The 75th anniversary of the Allied invasion of German-occupied France will be observed today on the beaches in Normandy, at Pointe du Hoc, at the nearby town of Sainte-Mere-Eglise, and at the American cemetery at Colleville-sur-Mer. These will be solemn tributes to the thousands of men who gave their lives to begin the reclamation of Europe from Adolf Hitler’s Third Reich. The Nazis had suppressed freedom for four long years and the fate of the world hung in the balance as the largest seaborne invasion in history landed troops on a fifty mile-wide stretch of beach on the coast of France.
None of the Allied objectives were achieved on that first day at the staggering cost of over 10,000 lives in the first twenty-four hours. Alone, 2,400 casualties (killed, wounded, or missing) occurred at “Bloody Omaha Beach.” It took tremendous courage, sacrifice, perseverance and determination to finally break through the coastal defenses and begin movement inland. The liberation of Paris would follow in August 1944, but the unconditional surrender of all German forces would not come until May 7, 1945. Neither would have been possible without the success of “Operation Overlord.”
Dignitaries from the United States, Britain, France, and Canada will honor the dead as well as the veterans still living today. Due to the passage of time, only a handful remain. They’re in their 90’s now and this will be the last major celebration for those that survived the chaos and carnage of that day. They should be honored for their bravery and certainly world leaders will speak to their heroism. The Press will cover the speeches and most Americans will take pride in their words, but that remembrance will be fleeting. Less than 1% of our country’s population serves in the military. Few have any personal knowledge of the sacrifices made by our military members and their families, and they go about their lives without much reflection on wars past or present.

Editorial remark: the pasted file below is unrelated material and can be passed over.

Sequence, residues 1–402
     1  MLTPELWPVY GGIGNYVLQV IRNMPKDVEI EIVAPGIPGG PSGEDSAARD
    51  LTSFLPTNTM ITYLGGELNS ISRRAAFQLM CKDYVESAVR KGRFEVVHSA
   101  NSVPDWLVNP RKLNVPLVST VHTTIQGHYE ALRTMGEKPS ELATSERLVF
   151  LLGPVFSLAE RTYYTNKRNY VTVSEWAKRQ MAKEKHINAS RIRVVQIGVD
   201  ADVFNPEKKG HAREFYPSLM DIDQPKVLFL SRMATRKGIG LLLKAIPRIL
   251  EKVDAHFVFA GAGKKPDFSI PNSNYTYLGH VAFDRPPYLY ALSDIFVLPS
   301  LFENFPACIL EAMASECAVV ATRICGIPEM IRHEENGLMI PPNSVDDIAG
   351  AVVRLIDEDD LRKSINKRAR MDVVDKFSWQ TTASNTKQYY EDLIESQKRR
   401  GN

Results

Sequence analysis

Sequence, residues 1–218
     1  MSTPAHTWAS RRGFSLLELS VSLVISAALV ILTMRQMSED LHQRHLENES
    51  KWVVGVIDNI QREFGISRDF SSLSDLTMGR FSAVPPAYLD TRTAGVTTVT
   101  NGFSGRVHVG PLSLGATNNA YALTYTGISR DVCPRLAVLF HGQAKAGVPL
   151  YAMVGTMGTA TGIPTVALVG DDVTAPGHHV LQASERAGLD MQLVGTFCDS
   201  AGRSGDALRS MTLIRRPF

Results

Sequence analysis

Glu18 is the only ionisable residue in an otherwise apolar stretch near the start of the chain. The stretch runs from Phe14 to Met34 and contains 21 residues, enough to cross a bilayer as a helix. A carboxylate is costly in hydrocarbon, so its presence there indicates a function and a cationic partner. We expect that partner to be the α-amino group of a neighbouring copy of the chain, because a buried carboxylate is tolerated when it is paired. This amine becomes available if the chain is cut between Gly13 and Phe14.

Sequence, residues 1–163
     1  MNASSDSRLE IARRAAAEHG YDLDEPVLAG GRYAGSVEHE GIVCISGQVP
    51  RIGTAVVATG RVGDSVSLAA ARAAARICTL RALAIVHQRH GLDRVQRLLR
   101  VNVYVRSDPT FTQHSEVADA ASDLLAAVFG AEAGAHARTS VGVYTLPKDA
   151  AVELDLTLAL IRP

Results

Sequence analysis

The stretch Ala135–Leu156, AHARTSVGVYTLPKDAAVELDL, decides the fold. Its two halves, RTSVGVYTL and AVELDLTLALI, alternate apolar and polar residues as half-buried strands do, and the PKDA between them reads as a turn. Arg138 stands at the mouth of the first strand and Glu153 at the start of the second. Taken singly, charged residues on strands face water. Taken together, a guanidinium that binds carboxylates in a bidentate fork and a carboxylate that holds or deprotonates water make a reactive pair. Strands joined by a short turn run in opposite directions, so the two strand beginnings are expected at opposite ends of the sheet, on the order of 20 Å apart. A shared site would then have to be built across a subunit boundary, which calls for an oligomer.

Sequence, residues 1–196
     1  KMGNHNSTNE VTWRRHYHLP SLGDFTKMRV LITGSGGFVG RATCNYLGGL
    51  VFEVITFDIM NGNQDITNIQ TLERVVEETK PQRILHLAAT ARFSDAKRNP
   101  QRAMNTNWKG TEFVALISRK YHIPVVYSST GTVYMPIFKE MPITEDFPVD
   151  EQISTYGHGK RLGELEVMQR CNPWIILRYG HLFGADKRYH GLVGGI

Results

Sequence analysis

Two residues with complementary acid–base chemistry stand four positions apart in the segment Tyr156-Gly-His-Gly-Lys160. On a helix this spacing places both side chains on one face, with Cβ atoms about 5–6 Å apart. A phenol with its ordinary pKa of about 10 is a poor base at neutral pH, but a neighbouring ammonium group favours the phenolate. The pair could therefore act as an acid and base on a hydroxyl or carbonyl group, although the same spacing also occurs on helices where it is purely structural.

So, how will you observe D-Day?
I would be in France if I could to be a part of this last great celebration. I’d like to meet face-to-face with the veterans and hear their stories. Their numbers are dwindling and their first-hand recollections are all but gone. Their pride in being a member of the Greatest Generation and their pain over the loss of their friends and comrades will recede from public consciousness. Soon, their recollections will be just words in a history book.
I can’t be there, so I’ll watch the news. I’ll read the paper. I’ll put on my two favorite movies about D-Day, The Longest Day and Saving Private Ryan. These are insufficient gestures at best, but at least I’ll be remembering. For me it is a very emotional journey back in time. We face a far different world today thanks to their sacrifices. However, it is one no less dangerous. Threats evolve and echoes of the past remain. The 9,388 crosses and Stars of David at Colleville-sur-Mer remind us of the cost of the Normandy landings, while ongoing burials at all our National Cemeteries attest to the price in human lives of ongoing wars. I hope that we will always remember. We owe them a debt of gratitude that can never be repaid.
So, how will you observe D-Day?